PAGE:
Sharing The Road: Rules For New York City Cyclists
Cyclists are the fastest-growing commuter group in New York City, but sadly, many bicycle riders helmet up and hit the pedals with little or no regard for their responsibilities on the road, law enforcement officials said.
Data just released by the NYPD reveals a startling 754 collisions involving bicycles and motor vehicles were reported city wide in the last three months of 2011. Those accidents resulted in three fatalities and 755 injuries, police sources said.
The data shows 178 crashes were reported in Queens in the last three months of 2011. Moat of those accidents were reported in Jackson Heights, where a total of 24 crashes were reported to police, the sources said.
“Remember, those are the accidents that were reported,” a Queens police official said. “There is a real problem with people who refuse to call 911 when they’re involved in a crash involving a car and a bicycle, but under the law it is illegal to fail to report those accidents.”
Bicycle riders in New York City are obligated to follow the same rules of the road that apply to motorists, including:
Stopping at red lights and stop signs
Riding with traffic on one-way and two-way streets
Stopping ahead of crosswalks to give pedestrians the right-of-way
Never hitting the pedals when under the influence of drugs or alcohol
Cyclists must use hand signals when making turns
Infants under one-year-old are not permitted to ride on bicycles in New York City
Children 1-5 years old must wear an approved helmet and be carried in a properly affixed, approved child carrier
Children 5-14 years old must wear an approved helmet when biking
Cyclists may not wear more than one earphone attached to a radio, tape player, iPod, Smart Phone or other audio device while biking
It is illegal for cyclists to ride on sidewalks, fail to give way to pedestrians and emergency response vehicles, cut ahead of motorists, ride facing traffic, or ignore “useable” bicycle lanes on local streets
Failure by cyclists to comply with these traffic rules can result in a ticket or violation punishable by a fine, jail time or both.
Cyclists should visit a reputable bike shop or contact the Community Affairs office at their local police precinct for information on purchasing approved child helmets and child carriers.
Under current New York City law, cyclists are required to equip bicycles as follows:
Bicycles pedaled between dusk and dawn must have a white headlight, a red taillight and reflectors
Bicycles must have a bell or other audible signal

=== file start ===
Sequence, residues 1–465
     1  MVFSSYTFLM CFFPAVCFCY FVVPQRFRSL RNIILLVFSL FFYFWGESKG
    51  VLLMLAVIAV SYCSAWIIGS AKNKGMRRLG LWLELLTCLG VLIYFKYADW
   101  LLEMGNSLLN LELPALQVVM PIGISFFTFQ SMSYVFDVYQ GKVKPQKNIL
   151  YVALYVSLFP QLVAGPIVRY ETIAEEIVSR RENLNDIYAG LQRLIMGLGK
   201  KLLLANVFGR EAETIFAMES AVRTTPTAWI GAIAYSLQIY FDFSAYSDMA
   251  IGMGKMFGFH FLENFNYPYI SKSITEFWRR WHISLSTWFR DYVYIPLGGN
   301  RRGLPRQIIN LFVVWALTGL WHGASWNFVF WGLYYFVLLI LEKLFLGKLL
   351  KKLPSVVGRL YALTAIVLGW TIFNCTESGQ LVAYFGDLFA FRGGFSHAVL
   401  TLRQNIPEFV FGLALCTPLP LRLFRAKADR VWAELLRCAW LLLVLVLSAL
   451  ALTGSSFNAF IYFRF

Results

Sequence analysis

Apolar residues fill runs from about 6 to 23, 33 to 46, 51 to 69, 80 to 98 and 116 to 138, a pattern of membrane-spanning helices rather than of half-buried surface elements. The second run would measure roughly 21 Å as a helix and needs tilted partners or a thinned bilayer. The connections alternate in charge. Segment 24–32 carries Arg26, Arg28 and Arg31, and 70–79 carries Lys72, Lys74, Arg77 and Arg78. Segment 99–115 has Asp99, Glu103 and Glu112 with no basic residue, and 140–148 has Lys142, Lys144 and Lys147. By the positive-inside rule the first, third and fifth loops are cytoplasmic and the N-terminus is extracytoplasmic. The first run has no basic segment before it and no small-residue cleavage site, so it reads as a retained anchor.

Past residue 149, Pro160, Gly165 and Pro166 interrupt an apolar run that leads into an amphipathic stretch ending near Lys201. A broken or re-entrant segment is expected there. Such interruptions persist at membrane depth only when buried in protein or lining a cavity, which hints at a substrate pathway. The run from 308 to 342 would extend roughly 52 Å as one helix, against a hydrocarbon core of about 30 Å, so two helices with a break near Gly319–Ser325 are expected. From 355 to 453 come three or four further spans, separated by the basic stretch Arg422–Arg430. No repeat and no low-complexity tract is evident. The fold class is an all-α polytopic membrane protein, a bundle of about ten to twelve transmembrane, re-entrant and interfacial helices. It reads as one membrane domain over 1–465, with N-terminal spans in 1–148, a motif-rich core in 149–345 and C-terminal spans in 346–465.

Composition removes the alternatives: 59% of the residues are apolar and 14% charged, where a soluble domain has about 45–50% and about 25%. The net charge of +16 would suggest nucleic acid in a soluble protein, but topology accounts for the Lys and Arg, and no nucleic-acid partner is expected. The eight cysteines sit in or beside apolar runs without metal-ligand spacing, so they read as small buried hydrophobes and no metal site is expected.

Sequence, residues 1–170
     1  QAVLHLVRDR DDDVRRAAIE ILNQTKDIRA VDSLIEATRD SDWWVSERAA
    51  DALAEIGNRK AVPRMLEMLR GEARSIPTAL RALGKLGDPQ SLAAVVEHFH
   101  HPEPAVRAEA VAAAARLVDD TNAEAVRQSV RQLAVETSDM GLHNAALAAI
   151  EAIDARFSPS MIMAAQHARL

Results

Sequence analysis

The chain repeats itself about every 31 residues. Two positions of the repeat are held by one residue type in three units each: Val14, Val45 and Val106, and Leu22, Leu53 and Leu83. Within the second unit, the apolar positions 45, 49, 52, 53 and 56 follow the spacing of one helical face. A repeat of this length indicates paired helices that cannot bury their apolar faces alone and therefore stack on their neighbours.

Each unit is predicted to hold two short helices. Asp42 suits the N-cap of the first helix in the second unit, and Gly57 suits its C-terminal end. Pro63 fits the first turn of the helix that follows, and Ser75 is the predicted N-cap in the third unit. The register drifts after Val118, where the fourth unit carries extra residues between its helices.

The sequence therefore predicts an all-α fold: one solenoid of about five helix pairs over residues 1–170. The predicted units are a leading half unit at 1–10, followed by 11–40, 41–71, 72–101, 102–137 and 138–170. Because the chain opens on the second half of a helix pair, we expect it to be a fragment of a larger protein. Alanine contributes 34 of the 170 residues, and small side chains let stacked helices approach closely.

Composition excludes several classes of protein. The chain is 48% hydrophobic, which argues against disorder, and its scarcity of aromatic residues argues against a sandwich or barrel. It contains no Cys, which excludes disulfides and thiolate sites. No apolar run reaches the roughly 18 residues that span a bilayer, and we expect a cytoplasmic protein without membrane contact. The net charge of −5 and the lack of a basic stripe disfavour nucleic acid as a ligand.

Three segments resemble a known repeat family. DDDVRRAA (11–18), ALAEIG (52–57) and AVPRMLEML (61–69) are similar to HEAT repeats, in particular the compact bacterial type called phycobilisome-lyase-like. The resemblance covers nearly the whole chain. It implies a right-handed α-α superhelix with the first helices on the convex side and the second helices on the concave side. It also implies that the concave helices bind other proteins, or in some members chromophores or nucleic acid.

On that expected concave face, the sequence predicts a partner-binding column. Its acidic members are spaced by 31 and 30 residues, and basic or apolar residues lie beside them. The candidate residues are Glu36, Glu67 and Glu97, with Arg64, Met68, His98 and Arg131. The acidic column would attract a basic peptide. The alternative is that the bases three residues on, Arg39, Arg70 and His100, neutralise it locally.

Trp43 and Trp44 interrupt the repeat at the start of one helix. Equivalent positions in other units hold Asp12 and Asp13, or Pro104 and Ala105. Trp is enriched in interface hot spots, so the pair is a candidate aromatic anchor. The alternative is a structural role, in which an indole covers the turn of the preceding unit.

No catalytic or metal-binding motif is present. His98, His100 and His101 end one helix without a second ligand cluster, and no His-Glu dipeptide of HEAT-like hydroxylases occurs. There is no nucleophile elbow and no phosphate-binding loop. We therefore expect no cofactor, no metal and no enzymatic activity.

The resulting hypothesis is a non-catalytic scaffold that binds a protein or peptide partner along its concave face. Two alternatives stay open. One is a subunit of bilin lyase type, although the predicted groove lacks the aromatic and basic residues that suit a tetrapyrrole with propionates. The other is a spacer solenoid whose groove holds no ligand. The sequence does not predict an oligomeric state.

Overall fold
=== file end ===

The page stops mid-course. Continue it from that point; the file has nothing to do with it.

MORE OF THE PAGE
Bikes must have working brakes
Bikes must have reflectors, reflective tires and/or other reflective devices
Many riders use bicycles for commercial or employment purposes. Working cyclists are required to follow these rules:
You must wear clothing that identifies your employer or the business you work for
The name and address of the business must be posted on the bicycle, including the operator’s identification number.
Business owners must provide company bicyclists with an approved helmet – and cyclists must wear the helmet while on the street.
Working cyclists must carry and produce on demand a numbered ID card that includes the operator’s photo, name, home address and business name, address and phone number.
Business owners are required to maintain a logbook that lists the name, identification numbers and home address of every working cyclist, along with the date of employment and date they were fired or quit the job.
The logbook must also contain information on daily trips and list the biker’s name and identification number.
Business owners are required to file an annual report with their local police precinct that provides the number of bicycles they own and the identification number and identity of each cyclist they employ.
Councilmember James Vacca, chair of the council’s transportation committee, has introduced legislation to the Council that calls for penalties for business owners if their employees are caught breaking traffic rules while biking.
The proposed legislation would also require delivery cyclists to wear helmets and to undergo training in bike riding.
More Rules Of The Road
The city has compiled a list of “Rules Of The Road” for cyclists to follow. They include:
Riding your bicycle on the sidewalk will result in an immediate summons – and the offender can be arrested or detained by police.. The penalty for riding on the sidewalk is a whopping $1,000.
Bicyclists are prohibited on expressways, highways, interstate routes, bridges and thruways, unless authorized by posted signs.
Cyclists are required to use hand signals when making turns on city streets. Left turns must be signaled with the left hand and right turns may be signaled with either hand.
Cyclists must keep at least one hand on the handlebars at all times.
Riding your bike on the sidewalk will result in an immediate summons. The penalty for riding on the sidewalk is a whopping $1,000 – and you could find yourself behind bars.